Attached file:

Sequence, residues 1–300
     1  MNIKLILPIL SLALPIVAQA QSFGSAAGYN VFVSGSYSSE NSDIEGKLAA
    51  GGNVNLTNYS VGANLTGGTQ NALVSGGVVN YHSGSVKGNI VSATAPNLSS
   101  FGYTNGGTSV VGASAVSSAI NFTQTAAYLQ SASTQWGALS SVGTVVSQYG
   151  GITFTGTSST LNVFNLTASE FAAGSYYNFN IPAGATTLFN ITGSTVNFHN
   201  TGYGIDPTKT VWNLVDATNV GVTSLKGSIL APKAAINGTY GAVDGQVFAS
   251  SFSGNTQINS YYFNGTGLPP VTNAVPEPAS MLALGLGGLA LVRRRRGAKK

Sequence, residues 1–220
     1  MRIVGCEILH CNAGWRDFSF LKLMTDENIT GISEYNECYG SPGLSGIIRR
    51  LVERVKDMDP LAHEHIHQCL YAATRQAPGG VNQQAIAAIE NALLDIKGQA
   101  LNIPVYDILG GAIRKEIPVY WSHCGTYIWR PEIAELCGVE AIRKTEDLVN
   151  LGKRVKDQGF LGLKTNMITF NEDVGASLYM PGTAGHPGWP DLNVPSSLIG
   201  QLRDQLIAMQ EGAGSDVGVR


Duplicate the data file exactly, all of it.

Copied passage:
Sequence, residues 1–300
     1  MNIKLILPIL SLALPIVAQA QSFGSAAGYN VFVSGSYSSE NSDIEGKLAA
    51  GGNVNLTNYS VGANLTGGTQ NALVSGGVVN YHSGSVKGNI VSATAPNLSS
   101  FGYTNGGTSV VGASAVSSAI NFTQTAAYLQ SASTQWGALS SVGTVVSQYG
   151  GITFTGTSST LNVFNLTASE FAAGSYYNFN IPAGATTLFN ITGSTVNFHN
   201  TGYGIDPTKT VWNLVDATNV GVTSLKGSIL APKAAINGTY GAVDGQVFAS
   251  SFSGNTQINS YYFNGTGLPP VTNAVPEPAS MLALGLGGLA LVRRRRGAKK

Sequence, residues 1–220
     1  MRIVGCEILH CNAGWRDFSF LKLMTDENIT GISEYNECYG SPGLSGIIRR
    51  LVERVKDMDP LAHEHIHQCL YAATRQAPGG VNQQAIAAIE NALLDIKGQA
   101  LNIPVYDILG GAIRKEIPVY WSHCGTYIWR PEIAELCGVE AIRKTEDLVN
   151  LGKRVKDQGF LGLKTNMITF NEDVGASLYM PGTAGHPGWP DLNVPSSLIG
   201  QLRDQLIAMQ EGAGSDVGVR